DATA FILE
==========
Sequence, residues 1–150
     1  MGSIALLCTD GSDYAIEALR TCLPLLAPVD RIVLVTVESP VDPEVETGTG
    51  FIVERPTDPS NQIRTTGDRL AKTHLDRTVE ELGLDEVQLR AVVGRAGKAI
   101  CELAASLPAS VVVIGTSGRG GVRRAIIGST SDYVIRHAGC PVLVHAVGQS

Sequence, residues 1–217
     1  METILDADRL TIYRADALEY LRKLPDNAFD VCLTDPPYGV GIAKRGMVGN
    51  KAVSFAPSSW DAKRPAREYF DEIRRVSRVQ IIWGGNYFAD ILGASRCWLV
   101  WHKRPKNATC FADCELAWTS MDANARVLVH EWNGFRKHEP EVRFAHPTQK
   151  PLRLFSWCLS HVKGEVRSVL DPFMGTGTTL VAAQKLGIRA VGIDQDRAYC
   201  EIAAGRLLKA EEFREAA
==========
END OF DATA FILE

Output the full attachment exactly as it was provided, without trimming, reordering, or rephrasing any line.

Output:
Sequence, residues 1–150
     1  MGSIALLCTD GSDYAIEALR TCLPLLAPVD RIVLVTVESP VDPEVETGTG
    51  FIVERPTDPS NQIRTTGDRL AKTHLDRTVE ELGLDEVQLR AVVGRAGKAI
   101  CELAASLPAS VVVIGTSGRG GVRRAIIGST SDYVIRHAGC PVLVHAVGQS

Sequence, residues 1–217
     1  METILDADRL TIYRADALEY LRKLPDNAFD VCLTDPPYGV GIAKRGMVGN
    51  KAVSFAPSSW DAKRPAREYF DEIRRVSRVQ IIWGGNYFAD ILGASRCWLV
   101  WHKRPKNATC FADCELAWTS MDANARVLVH EWNGFRKHEP EVRFAHPTQK
   151  PLRLFSWCLS HVKGEVRSVL DPFMGTGTTL VAAQKLGIRA VGIDQDRAYC
   201  EIAAGRLLKA EEFREAA